In the last several blogs, I’ve talked about new shooting and editing techniques and all the fun I’ve been having. These past few weeks have been truly amazing for me, up until a couple nights ago. I was reading one of my books on High Dynamic Range (HDR) photography – the chapter on tripods – and a I came on a little ‘Tip’ sidebar that said, “Rather counterintuitively, using a tripod in conjunction with image stabilization can result in unsharp images, so it is advisable to turn stabilization off whenever your camera is tripod-mounted.”
For a little quick background, many lens manufacturers build their lenses to correct for small movements and shakes, resulting in sharper pictures. Each manufacturer calls it something different (Canon says image stabilization and Tamron uses vibration control, for example), but they all accomplish the same thing. The problem is that when a camera is mounted on a tripod (versus handheld), these small movements and shakes don’t occur, so the lens panics (figuratively, not literally) and introduces some shake so the image stabilization system has something to do. It’s kind of like those overprotective parents in movies and TV shows that obsess over their children’s first date or outing with friends – inventing problems that aren’t occurring. It makes for a humorous story line, but it doesn’t make good pictures. The lesson: turn off the image stabilization (if the lens has it) when using a tripod!
Is this new information to me? No! It’s a basic action in photography, the same as turning on the charging the battery, turning on the camera, taking the lens cap off, or putting a memory card in the camera. Have I been doing it? Well, no. I have been concentrating so hard on the neutral density filters and camera settings, getting a good composition, and remembering the cable release to reduce camera shake on the tripod. I haven’t been turning off the image stabilization on my lenses! Silly me! The biggest problem has been blending the different exposures in HDR software, where I was seeing lots of ‘ghosting’ or blurred portions in the final image. I attributed it to wind blowing the tree branches or the differences in water flow, never thinking about that dadburned image stabilization. So, lesson learned and reminder to take care of the basics! Will I forget again? Yes! After all, I’m still learning.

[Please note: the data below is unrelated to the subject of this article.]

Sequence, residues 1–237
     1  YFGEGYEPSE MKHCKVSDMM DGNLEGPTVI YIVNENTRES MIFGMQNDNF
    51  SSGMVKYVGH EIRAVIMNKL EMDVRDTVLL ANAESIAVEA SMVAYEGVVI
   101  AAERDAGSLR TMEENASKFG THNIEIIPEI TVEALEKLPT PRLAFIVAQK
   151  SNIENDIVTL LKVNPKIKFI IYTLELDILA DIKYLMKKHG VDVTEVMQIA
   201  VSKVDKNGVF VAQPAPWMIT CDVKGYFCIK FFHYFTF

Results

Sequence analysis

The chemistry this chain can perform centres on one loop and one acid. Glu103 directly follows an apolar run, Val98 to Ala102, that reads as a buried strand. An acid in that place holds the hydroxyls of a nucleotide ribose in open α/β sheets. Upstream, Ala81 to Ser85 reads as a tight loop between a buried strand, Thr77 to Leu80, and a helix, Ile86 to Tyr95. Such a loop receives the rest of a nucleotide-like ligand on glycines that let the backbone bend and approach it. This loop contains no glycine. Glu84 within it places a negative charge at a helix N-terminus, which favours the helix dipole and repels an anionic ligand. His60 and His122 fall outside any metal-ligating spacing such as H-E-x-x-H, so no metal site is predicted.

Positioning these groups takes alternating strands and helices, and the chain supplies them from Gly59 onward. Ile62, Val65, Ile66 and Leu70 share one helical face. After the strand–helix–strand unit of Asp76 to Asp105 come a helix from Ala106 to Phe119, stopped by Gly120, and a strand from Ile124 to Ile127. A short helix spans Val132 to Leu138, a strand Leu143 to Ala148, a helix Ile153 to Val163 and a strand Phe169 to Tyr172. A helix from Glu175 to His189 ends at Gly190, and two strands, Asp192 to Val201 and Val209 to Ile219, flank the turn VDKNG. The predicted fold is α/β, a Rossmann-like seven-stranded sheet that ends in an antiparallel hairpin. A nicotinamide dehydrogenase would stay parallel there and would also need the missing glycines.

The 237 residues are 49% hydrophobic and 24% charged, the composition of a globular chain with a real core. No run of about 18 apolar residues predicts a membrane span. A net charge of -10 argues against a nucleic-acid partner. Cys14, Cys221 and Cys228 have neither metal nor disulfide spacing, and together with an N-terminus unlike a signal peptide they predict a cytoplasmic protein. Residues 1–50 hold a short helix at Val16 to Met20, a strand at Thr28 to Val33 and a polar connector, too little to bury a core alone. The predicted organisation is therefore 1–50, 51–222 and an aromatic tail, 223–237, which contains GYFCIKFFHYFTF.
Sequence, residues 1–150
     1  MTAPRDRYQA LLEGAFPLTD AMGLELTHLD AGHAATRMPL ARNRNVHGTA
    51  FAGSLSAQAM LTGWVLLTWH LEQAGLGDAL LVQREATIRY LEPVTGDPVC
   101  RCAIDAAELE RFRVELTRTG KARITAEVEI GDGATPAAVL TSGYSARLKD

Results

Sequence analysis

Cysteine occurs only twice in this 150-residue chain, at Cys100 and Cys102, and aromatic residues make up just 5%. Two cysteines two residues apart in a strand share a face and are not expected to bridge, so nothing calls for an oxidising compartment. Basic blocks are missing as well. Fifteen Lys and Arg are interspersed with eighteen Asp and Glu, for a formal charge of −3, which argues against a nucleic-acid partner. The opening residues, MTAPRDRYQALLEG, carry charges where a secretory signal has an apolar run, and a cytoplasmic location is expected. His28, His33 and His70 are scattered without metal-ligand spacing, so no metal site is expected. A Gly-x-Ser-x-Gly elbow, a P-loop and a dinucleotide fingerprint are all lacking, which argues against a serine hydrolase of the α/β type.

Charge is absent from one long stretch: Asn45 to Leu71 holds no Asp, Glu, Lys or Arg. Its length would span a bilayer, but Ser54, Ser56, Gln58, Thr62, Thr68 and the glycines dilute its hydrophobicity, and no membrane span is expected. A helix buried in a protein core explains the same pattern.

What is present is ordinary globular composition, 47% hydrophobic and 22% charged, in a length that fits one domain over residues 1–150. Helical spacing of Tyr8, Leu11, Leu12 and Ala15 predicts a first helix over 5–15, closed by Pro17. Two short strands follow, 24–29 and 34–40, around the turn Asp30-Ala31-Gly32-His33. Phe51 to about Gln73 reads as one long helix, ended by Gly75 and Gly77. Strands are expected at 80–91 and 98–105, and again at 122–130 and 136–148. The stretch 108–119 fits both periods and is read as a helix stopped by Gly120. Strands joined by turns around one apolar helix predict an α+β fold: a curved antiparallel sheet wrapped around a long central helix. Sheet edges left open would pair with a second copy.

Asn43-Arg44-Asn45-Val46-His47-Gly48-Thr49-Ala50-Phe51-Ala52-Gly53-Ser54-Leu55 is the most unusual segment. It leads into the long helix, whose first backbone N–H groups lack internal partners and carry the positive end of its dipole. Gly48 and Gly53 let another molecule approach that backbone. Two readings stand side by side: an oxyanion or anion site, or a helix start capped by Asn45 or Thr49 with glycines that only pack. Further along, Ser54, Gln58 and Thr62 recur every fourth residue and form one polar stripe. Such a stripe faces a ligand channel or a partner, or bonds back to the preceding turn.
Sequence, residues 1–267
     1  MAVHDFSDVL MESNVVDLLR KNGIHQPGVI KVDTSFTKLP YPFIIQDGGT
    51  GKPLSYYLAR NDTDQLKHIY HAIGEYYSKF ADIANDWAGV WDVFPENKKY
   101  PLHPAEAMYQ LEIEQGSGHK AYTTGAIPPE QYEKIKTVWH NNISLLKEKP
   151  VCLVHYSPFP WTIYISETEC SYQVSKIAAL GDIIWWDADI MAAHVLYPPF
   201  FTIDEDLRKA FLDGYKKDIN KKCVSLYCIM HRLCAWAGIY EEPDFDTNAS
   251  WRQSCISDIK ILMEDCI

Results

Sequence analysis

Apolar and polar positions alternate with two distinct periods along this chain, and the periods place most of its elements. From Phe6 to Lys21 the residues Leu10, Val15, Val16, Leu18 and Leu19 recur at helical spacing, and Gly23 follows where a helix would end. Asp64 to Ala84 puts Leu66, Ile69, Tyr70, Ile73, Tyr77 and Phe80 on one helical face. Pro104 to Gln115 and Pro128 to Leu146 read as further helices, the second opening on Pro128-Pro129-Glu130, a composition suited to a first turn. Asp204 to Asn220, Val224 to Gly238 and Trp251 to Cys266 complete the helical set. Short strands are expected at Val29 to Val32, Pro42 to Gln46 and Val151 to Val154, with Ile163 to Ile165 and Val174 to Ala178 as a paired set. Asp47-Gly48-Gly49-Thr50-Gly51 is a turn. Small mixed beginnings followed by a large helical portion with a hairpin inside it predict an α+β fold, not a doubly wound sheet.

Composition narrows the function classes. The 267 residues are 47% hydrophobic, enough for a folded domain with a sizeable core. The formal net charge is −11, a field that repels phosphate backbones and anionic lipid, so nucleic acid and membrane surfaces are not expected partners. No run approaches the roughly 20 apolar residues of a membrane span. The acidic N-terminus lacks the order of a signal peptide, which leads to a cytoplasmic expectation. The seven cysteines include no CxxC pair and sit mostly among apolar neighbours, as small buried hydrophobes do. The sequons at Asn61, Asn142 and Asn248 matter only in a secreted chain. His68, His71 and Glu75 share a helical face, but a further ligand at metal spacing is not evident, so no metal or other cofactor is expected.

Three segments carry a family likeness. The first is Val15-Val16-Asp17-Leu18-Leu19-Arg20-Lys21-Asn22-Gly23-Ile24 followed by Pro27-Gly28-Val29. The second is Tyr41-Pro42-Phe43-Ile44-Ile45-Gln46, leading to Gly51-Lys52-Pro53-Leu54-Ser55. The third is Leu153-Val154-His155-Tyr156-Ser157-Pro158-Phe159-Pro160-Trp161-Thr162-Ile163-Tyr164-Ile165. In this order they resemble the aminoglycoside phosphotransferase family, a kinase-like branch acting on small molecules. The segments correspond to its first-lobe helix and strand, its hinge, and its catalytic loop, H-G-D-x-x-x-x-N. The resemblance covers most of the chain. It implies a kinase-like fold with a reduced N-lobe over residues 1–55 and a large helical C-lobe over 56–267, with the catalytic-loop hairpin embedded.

For this week’s images, I’ll start with my recent trip to Glen Alpine Falls, on Taylor Creek upstream from Fallen Leaf Lake which feeds into Lake Tahoe. With all the snow the Sierras received this year, the Falls are running strong and are very beautiful. If you want to go see them, take CA 89 along the west shore of Lake Tahoe, a few miles south of Emerald Bay, and turn west on the road to Fallen Leaf Lake. The Falls are on the far west end of the Lake. I had to park at the fire station and hike about a quarter mile up a hill – an easy hike and well worth it! I had rented a Canon 10-22 Wide Angle Lens from Gordon’s Photo Service (gordonsphotoservice.com), to try something different from my lenses. It was fun to use that lens – with the short focal length and the natural distortion on the edges of the images, I had to adjust my shooting style – especially to create the panoramas.
With Spring, our trees are flowering!
I haven’t forgotten the wildlife in our area, although the Raptors are mostly gone. Here’s a few:
I’ll close with a few scenery shots.
Shooting the West (shootingthewest.org) is only a couple weeks away! I’m putting the finishing touches on my presentation and am very excited to be a part of this great event this year. If you’re near Winnemucca in a couple weeks – stop by the Convention Center and see the pictures! This Sunday is April 17, the day the Ford Mustang was introduced at the New York World’s Fair in 1964. It’s National Mustang Day, so I’ll be driving the Bullitt to celebrate.
Enjoy – PHOTOROGR